A number of film and television projects are in the works or recently have been completed in the state.Here’s a rundown on what’s happening in ’Sippiwood.
“Artists Die Best in Black” — This independent film has been shot on the Gulf Coast. The mystery, directed by Price Hall, stars actor Malcolm McDowell, whose most famous role is probably Alex DeLarge from the 1971 Stanley Kubrick film “A Clockwork Orange.” It is described as, “A noir romantic thriller full of intriguing characters, art and death (that) unfolds in a gripping mystery that rocks the art world of the Mississippi Gulf Coast.” The Sun Herald reported that a local premiere may be held in September.
“Category 5” — This weather disaster action film just completed filming along the Gulf Coast. Starring Burt Reynolds, the movie is about five families caught in a Gulf Coast hurricane. The Hattiesburg American reported earlier that nearly a dozen University of Southern Mississippi Gulf Coast film students were hired as production assistants for the film. No word on a release date yet.
“Headrush” — “This is a short film made by a guy named Johnson Thomasson,” said Parikh. “It’s now finished, and he’s going to be screening it around the state in the coming weeks.” Nina Parikh, deputy director of the Mississippi Film Office, said the Mississippi native, now in his early 20s, began making films when he was in junior high. This 45-minute sci-fi murder mystery is about “Kurt Schuler, a Ph.D student in biochemistry, who does cutting-edge research into the nature of death. But when he discovers a mysterious human body in his laboratory, he must race to find the killer or risk losing everything he has worked for, even his own life.” Headrush was filmed in Jackson and Canton. The film will premiere July 25 in Tupelo, Aug. 1 in Madison, Aug. 22 in Starkville and Sept. 3 in Oxford. To see the trailer and learn more, visit www.HeadrushMovie.com
“As I Lay Dying” — Based on the 1930 classic novel by William Faulkner, this James Franco film, shot in parts of Mississippi last year, is about the death of Addie Bundren and her family’s quest to honor her wish to be buried in the nearby town of Jefferson. The film was shown at the 2013 Cannes Film Festival. Parkih said it may be released to wider audiences in September.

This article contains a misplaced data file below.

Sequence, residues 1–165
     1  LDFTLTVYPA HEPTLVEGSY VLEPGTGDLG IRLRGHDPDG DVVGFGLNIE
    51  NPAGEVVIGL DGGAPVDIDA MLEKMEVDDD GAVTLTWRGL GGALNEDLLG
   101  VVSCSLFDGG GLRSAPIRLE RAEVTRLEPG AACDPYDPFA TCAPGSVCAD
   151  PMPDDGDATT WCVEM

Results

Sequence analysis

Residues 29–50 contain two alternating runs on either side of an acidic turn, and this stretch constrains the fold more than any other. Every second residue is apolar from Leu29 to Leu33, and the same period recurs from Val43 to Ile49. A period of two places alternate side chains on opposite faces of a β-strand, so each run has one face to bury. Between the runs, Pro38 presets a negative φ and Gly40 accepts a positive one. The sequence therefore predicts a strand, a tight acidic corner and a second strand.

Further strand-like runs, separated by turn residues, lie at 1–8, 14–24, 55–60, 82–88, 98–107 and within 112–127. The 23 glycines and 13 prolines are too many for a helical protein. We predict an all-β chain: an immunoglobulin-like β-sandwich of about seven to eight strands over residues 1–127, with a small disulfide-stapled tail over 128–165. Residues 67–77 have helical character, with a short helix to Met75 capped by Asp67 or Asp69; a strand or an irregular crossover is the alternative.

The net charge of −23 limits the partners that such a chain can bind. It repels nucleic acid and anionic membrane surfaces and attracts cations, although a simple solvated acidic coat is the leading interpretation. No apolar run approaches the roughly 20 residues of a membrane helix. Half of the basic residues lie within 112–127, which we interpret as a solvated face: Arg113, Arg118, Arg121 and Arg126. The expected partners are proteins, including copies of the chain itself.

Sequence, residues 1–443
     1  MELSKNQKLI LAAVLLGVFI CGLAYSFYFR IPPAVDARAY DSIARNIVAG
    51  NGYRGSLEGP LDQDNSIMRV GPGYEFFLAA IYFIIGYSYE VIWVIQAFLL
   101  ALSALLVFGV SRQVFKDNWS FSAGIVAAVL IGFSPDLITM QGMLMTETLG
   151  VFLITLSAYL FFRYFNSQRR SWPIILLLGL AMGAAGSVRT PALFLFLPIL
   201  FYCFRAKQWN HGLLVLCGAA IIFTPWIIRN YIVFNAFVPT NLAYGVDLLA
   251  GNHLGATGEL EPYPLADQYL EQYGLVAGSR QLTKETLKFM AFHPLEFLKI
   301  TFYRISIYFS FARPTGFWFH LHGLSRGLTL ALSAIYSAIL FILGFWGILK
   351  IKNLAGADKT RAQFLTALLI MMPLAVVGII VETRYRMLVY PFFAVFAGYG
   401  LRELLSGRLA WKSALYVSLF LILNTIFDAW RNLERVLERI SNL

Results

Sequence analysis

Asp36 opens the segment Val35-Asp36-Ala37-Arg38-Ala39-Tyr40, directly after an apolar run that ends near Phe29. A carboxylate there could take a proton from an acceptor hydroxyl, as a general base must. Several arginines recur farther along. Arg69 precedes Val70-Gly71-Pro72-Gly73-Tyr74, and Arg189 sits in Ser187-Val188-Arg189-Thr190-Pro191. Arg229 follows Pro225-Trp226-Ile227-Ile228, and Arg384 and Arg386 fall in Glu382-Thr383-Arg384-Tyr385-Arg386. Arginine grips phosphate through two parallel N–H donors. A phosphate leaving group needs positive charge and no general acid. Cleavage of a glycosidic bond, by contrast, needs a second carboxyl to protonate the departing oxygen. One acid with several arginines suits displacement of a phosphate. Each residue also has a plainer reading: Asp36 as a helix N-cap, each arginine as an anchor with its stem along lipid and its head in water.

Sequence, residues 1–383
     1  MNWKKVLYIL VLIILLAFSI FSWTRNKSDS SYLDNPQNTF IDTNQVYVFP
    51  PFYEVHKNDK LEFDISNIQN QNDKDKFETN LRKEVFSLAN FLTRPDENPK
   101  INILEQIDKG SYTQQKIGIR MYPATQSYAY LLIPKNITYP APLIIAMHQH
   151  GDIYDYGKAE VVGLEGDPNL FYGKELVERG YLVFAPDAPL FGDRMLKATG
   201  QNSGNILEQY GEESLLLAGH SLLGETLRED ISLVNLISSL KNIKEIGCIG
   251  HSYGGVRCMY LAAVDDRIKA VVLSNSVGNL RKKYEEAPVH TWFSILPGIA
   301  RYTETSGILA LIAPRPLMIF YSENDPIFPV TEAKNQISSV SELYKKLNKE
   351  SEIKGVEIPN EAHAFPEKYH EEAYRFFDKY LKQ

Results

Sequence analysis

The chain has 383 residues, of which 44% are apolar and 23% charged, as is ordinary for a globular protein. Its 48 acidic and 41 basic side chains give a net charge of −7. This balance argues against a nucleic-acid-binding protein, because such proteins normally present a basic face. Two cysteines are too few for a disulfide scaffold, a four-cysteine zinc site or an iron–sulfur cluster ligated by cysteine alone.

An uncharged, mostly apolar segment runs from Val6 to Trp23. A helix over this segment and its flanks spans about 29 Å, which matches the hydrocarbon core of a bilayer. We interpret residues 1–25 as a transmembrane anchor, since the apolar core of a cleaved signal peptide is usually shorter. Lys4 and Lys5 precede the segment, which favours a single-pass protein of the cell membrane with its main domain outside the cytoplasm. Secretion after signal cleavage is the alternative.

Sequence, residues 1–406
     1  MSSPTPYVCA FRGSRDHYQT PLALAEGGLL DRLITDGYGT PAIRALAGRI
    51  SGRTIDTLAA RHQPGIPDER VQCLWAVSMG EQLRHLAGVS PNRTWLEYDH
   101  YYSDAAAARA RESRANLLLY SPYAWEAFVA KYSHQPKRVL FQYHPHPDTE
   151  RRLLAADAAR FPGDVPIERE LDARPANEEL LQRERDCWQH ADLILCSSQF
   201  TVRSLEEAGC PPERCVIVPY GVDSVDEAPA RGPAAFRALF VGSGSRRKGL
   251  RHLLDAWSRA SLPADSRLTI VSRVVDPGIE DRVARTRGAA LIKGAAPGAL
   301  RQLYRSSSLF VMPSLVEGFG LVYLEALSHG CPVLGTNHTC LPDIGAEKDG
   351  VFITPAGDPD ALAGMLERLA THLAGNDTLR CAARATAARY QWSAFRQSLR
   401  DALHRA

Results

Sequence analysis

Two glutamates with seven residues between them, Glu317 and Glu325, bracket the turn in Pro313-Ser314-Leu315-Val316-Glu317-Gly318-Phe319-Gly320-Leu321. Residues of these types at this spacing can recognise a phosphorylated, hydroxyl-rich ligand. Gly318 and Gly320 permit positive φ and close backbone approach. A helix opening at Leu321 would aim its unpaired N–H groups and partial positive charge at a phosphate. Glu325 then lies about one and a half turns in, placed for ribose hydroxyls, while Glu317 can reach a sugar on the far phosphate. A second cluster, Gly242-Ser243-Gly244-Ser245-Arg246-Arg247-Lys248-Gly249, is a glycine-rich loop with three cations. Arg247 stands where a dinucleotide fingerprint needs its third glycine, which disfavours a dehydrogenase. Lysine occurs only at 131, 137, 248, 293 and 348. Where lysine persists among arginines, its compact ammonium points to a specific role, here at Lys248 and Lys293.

“The Shed” — This reality show currently being filmed for The Food Network in Ocean Springs focuses on the Orrison family that owns and runs The Shed, an iconic Gulf Coast restaurant. Parikh said it likely will air in August. The family gained wealth and fame because of its chain of barbecue restaurants.
“Blackbird” — Based on a novel by Larry Duplechan, Parikh said this coming-of-age high school drama directed by Mississippi native Patrik-Ian Polk, was filmed in Hattiesburg this spring and summer. It’s about a talented teenage singer who struggles with religion, sexuality, a troubled home life and other high school woes in a small Southern Baptist town. Polk attended Brandeis University in Massachusetts and received his undergraduate degree in film and theatre from the University of Southern Mississippi before attending graduate film school at the University of Southern California. There is currently no release date.
“The Historian” — This film also just wrapped up in Hattiesburg and is directed by USM professor Miles Doleac. It’s about “a troubled, young history professor who tries to escape his past by taking a job at a new university, where he struggles with an entrenched and equally troubled department chair, rampant student apathy and new relationships that complicate and challenge his worldview.” There’s no release date yet.
“Starve” — Parikh said this film in the action horror genre had no Mississippi connection other than its filming location. The description: “In 1972, the Southern town of Pucketville was plagued by a poisoned water supply, turning this quaint burg of America into an abandoned ghost town. Now this once populated neighborhood has become a vacuum for hitchhikers, travelers and those invisible to society. Hidden within the darkness, one social outcast has turned the area into a forbidden site, from which escape is not an option.” You can watch the trailer for the film here: http://www.youtube.com/watch?v=gbLKxytyk74
“Big Significant Things” — Parikh said this low-budget, indie film was shot in the Jackson metro area, on the Gulf Coast and in Oxford this spring. It’s a dramatic comedy about a young man on his travels through the South. The lead character escapes the stability of his settled down life in search of perspective. It features actor Harry Lloyd, who has appeared in “Game of Thrones” and “The Iron Lady.”
“Quarry” — An HBO and Cinemax pilot will be shot in North Mississippi beginning July 22 for about 13 days. “Go Memphis” reports that “Quarry” is inspired by novels written by crime specialist Max Allan Collins. Quarry will be set in the 1970s and is about a war-damaged Vietnam veteran-turned-professional assassin who is involved in a crime network that operates along the Mississippi River.
“Deep South” — Parikh said this documentary on HIV/AIDS in the American South was shot here several years ago. “It’s traveling the film festival circuit right now,” she said. “One of the subjects in the film is from Mississippi.”
“Gideon’s Army” — This film is about public defenders in the South. “One of the people they focus on is June Hardwick, a public defender here,” Parikh said, adding that the documentary is airing on HBO now. Both “Deep South” and “Gideon’s Army” were screened at the Crossroads Film Festival earlier this year.
“I Didn’t Do It” — According to Facebook, Melanie Lynn Addington is currently working on a film project that explores the Mississippi ricin case and the aftermath for Kevin Curtis after he allegedly was framed for the crime.